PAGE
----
Supplementary Material for: Explaining the Differences in Opioid Overdose Deaths between Scotland and England/Wales: Implications for European Opioid Policies
datasetposted on 07.05.2021, 05:53 by vanAmsterdam J., vandenBrink W., Pierce M.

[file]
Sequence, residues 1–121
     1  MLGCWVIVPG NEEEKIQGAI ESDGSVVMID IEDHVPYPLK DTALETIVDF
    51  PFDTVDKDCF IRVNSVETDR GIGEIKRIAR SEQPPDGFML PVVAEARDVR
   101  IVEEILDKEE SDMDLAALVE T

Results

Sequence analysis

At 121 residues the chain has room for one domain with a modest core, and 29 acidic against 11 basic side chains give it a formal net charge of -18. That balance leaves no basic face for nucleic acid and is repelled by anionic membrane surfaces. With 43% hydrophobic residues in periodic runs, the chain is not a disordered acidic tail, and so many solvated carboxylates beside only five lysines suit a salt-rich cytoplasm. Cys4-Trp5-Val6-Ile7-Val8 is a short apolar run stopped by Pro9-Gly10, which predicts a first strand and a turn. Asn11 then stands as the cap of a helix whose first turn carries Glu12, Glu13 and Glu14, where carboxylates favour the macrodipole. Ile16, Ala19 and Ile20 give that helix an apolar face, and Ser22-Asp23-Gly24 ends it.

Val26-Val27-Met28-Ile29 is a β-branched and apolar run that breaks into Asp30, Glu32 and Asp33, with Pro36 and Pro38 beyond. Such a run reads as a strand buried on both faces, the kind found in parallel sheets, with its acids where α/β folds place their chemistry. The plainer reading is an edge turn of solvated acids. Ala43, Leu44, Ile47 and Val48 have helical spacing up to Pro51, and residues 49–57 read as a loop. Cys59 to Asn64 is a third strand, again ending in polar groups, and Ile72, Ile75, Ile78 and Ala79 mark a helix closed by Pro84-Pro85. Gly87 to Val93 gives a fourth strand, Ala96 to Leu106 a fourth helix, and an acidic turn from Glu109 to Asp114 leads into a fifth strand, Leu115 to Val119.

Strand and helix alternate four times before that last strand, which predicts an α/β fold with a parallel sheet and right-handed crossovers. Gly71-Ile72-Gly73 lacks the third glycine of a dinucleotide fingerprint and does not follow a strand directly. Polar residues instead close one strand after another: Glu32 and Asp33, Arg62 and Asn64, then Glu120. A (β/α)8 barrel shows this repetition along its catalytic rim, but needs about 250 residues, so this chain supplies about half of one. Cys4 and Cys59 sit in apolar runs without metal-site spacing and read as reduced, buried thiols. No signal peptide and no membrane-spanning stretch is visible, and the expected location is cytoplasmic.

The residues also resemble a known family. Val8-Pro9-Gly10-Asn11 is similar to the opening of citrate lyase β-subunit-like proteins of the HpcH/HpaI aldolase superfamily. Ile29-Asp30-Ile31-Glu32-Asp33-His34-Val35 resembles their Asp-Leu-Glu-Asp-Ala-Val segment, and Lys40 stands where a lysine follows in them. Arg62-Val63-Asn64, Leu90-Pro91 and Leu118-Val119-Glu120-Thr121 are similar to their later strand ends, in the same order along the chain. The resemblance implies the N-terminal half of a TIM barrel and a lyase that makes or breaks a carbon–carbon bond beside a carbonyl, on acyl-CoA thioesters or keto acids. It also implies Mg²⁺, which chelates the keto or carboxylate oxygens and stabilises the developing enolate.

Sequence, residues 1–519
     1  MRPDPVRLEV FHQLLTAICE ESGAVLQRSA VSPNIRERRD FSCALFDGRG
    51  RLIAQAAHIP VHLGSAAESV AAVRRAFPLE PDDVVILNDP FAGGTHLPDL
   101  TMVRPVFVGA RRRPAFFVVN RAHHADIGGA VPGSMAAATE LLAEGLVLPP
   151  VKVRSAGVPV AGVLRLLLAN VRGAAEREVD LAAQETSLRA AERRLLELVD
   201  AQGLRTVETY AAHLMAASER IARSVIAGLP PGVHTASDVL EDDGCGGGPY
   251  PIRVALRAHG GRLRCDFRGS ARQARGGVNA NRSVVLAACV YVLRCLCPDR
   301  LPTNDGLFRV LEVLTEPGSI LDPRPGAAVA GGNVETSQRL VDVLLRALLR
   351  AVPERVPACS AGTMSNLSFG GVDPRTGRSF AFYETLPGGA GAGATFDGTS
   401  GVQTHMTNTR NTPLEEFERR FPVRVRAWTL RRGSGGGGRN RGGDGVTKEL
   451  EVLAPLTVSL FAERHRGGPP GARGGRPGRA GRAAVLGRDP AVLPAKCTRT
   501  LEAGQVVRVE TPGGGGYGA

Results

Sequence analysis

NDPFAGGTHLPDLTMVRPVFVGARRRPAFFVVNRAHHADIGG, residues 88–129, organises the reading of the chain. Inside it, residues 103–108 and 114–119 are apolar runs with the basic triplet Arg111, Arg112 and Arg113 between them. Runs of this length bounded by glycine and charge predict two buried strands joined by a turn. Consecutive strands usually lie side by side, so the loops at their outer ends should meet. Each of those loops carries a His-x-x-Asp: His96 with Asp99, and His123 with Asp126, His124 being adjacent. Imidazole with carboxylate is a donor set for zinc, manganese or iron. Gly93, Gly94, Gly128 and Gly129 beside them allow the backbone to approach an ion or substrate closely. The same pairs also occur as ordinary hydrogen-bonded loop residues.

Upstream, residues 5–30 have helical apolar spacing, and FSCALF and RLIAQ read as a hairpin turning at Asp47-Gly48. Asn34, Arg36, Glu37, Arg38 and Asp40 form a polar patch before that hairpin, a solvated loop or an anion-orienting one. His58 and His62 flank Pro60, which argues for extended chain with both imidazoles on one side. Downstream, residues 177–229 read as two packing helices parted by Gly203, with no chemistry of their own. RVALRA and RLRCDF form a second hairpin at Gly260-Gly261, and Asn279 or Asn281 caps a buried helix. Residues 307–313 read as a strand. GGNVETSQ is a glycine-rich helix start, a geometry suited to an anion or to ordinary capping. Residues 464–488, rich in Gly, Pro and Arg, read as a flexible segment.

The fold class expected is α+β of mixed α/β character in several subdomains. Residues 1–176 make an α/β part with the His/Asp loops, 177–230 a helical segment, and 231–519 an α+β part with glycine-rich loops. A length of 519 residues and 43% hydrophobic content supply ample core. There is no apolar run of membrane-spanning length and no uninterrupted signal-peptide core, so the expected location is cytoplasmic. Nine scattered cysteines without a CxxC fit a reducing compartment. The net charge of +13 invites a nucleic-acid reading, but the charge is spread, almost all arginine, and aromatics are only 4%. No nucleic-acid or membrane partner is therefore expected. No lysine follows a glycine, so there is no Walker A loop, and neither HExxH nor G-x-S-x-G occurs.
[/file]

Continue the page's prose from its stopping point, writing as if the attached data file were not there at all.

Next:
Backgrounds: Between 2009 and 2018, the number of opioid-related deaths (ORDs) in Scotland showed a dramatic increase, whereas in England and Wales, a much lower increase in ORD was seen. This regional difference is remarkable, and the situation in Scotland is worrisome. Therefore, it is important to identify the drivers of ORD in Scotland. Methods: A systematic literature review according to PRISMA guidelines was conducted to identify peer-reviewed studies about key drivers for the observed differences in ORDs between Scotland and England/Wales. In addition, non-peer-reviewed reports on nationwide statistical data were retrieved via Google and Google Scholar and analysed to quantify differences in ORD drivers between Scotland and England/Wales. Results: The systematic review identified some important drivers of ORD, but none of these studies provided direct or indirect comparisons of ORD drivers in Scotland and England/Wales. However, the reports with nationwide statistical data showed important differences in ORD drivers between Scotland and England/Wales, including a higher prevalence of people using opioids in a problematic way (PUOP), more polydrug use in people using drugs in a problematic way (PUDP), a higher age of PUDP, and lower treatment coverage and efficacy of PUDP in Scotland compared to England/Wales, but no regional differences in injecting drug use, incarceration/prison release without treatment, and social deprivation in PUDP. Conclusion: It is concluded that the opioid crisis in Scotland is best explained by a combination of drivers, consisting of a higher population involvement in (problematic) opioid use (notably methadone), relatively more polydrug use (notably benzodiazepines and gabapentinoids), a steeper ageing of the PUOP population in the past 2 decades, and lower treatment coverage and efficacy in Scotland compared to England/Wales. The findings have important consequences for strategies to handle the opioid crisis in Scotland.